"All the world is waiting for you/and the magic that you do..."
When I got older, and certainly didn't think silly things like that anymore, I redecorated my room. I wanted to change it from the space I thought of as my mom's creation to one that was my own, so the baby pink on the walls changed to a more teenagery shade of...well, pink. But the little girly art—-an angel my mom had painted -- came down. My mother told me she'd put the angel there to watch over me when I was a baby; I gently reminded her that I wasn't a baby anymore, and put posters of an actor I've long-since forgotten on the wall where my gaurdian had been. My mom smiled and asked if I wanted her to help me take the screws out of Wonder Woman. She was sure the regular switch cover was around somewhere, and we could put it up after the paint was dry. "Why would I take Wonder Woman down?" I asked. "She looks good with the new pink." And so she stayed.

To be honest, I don't think I could imagine taking her down. And hadn't I always loved Wonder Woman? I don't think it occurred to me, at the time, that she must have been put there by one of the people old enough to watch and love Wonder Woman at the time that the show was happening. The people who'd bought me the Underoos, who'd actually been paying attention to the show while I was busy twirling with my eyes closed. Who'd put not one, but two protectors in my room. It's funny the things teenagers don't think of.

When I was 21, my brother and I sold our house in a somewhat hurried fashion. We did well for a 17 and 21 year old left with the responsibility of selling their childhood home in the middle of the school year, but a few things were bound to go wrong, and my forgetting to take that light switch cover off the wall was one of them. I've thought of it often over the years, and for some reason, it hasn't occurred to me until now that I could probably find one somewhere, and that it might even be for a price I was willing and able to pay.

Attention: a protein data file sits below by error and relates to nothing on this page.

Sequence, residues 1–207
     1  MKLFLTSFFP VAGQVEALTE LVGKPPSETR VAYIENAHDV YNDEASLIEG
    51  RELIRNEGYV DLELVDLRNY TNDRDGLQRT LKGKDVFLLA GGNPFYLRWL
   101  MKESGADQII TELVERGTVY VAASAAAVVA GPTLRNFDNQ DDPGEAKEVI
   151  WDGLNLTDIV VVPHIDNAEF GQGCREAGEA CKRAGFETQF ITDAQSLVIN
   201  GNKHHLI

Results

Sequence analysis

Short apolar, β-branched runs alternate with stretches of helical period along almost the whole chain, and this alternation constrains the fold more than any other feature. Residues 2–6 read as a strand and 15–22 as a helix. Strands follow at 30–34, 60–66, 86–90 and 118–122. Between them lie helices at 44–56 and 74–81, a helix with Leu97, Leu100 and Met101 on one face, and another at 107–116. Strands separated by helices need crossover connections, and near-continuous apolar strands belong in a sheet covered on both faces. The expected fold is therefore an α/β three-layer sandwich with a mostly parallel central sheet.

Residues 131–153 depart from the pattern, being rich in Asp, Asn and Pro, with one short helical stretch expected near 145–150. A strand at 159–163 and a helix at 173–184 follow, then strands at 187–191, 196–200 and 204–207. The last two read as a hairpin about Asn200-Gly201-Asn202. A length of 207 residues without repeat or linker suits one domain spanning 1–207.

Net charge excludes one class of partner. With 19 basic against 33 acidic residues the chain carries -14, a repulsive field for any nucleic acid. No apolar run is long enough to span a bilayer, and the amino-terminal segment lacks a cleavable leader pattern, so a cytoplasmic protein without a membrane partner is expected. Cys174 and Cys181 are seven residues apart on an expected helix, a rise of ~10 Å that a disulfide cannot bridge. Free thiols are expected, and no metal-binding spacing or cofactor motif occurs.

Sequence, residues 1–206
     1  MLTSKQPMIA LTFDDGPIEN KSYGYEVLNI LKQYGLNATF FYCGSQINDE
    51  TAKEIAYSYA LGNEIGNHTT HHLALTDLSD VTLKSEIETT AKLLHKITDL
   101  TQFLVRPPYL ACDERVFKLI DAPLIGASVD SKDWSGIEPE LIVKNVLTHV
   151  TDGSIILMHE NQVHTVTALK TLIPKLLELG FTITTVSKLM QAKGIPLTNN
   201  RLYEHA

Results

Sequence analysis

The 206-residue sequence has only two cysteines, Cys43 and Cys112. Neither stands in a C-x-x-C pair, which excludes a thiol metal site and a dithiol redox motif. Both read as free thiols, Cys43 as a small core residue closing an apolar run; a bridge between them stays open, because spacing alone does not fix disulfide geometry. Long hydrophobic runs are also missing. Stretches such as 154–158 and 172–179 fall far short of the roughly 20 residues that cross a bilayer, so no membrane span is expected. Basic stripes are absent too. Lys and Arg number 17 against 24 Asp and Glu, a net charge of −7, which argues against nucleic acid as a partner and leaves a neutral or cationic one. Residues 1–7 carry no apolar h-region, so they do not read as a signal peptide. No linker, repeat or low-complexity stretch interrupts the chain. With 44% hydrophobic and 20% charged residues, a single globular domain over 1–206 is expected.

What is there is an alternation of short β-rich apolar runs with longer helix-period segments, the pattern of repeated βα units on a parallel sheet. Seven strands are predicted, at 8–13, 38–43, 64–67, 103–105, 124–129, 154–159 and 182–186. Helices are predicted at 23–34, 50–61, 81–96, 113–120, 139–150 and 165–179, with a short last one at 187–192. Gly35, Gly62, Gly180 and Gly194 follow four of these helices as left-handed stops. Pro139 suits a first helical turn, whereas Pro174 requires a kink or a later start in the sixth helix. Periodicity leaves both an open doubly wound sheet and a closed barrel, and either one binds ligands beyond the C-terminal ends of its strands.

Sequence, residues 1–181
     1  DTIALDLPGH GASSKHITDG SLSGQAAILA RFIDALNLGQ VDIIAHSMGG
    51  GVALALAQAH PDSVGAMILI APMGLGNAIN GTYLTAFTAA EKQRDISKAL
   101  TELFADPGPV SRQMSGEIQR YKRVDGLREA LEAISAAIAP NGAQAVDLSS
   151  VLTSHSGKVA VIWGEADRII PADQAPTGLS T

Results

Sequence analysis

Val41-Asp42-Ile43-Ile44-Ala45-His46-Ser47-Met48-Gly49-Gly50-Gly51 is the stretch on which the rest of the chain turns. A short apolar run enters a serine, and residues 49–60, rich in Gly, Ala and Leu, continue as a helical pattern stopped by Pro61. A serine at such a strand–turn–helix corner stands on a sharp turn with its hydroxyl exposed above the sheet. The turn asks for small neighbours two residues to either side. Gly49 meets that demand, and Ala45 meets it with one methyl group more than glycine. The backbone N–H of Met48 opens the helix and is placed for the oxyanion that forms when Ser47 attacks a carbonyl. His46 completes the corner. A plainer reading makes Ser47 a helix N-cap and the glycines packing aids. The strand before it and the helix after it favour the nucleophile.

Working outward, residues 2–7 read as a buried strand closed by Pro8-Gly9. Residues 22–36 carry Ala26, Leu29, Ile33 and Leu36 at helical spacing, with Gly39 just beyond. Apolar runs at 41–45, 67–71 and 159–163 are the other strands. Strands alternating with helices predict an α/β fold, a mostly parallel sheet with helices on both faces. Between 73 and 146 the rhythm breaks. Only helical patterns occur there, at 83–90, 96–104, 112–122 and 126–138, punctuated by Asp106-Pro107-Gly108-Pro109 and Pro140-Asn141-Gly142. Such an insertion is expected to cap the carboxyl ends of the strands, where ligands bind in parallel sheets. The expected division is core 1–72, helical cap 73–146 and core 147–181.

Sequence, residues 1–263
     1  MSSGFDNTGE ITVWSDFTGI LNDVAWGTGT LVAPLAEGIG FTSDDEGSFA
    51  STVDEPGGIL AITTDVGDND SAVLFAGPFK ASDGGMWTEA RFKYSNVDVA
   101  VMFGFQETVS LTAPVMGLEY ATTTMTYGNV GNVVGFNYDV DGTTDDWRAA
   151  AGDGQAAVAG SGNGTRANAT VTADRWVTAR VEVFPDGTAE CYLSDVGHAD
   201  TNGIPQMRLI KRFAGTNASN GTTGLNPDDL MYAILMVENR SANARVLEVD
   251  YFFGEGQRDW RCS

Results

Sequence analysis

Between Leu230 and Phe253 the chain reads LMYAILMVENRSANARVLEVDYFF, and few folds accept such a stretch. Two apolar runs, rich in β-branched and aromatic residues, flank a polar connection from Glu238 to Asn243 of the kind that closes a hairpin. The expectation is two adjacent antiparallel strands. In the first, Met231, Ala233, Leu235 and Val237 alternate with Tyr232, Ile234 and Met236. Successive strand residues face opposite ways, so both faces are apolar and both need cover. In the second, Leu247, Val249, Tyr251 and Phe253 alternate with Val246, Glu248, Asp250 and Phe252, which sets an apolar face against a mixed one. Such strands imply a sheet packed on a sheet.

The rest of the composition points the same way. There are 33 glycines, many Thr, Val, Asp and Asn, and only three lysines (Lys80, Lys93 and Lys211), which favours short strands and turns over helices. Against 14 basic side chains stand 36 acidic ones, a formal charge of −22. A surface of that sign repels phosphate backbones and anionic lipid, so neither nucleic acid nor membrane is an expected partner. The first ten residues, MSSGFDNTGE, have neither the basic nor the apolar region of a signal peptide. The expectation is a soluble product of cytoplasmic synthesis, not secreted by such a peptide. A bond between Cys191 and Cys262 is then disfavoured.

Maybe she was waiting until I really needed her. It feels a little safer around here already.

*(Edited a little, because there are things we don't think of as grown ups either. Thanks, dad.)


Got to work this morning and found that the king cake that my brother sent me had arrived.

Had a particularly amusing (to me, at least) moment when I found the baby -- clinging for dear life -- to the bottom of a piece I'd just taken a big bite out of. I remember when the baby was actually *inside* the cake. I don't remember anyone ever actually coming anywhere near chocking on it. I also feel like the baby was smaller then.

Monday, March 7, 2011

3-5: Blossoms, etc

Went south w/A. and B. to see the orchards in blossom. See - sometimes I go outside.

Almond trees in bloom

Sunday, March 6, 2011

3/4 - No.

3/3 - At the Asian Art Museum

A gilded copper statue of White Tara. Tara is the female aspect of Avalokitesvara, the bodhisattva of compassion, one of the most revered boddhisatvas of Mahayana Buddhism. Tara is said to have come from an expression of Avalokitesvara's compassion, usually a tear. She is also a figure of compassion, and can be peaceful, As shown here, or ferocious, as needed.

Fun fact: Tibetan Buddhism is a branch of Mahayana Buddhism and the Dalai Lama's followers believe that he is manifestation of Avaloketesvara.

Date: approx. 1400-1500

Simhavaktra Dakini
Date: 1736-1795

A dakini is a female sky spirit (dakini can be translated as "she who traverses the sky" or sometimes, more poetically, "sky dancer"), a female embodiment of enlightened energy. As energy, they are often volatile. Dakini serve as protectors, muses, and removers of obstacles to enlightenment. This one's hair blazes upward with the fire of wisdom, and her lion's head indicates fearlessness in confronting all obstacles to liberation.

Thursday, March 3, 2011

Things to make life suck less while grading

Another week of grading means another slow week on the blog (yeah, what else is new). What am I doing to make it hurt less? Well, this is too good not to post:

And then there's TNC's continuing geek out over Jane Austen. To which I say, "Yes."

And then there's Colin Firth winning an Oscar, and being all Firth-y about about it.


Also, some pictures:

3/2 - I had fried flounder for dinner. Yum!
3/3 - A Rainbow seen from the platform at Millbrae station.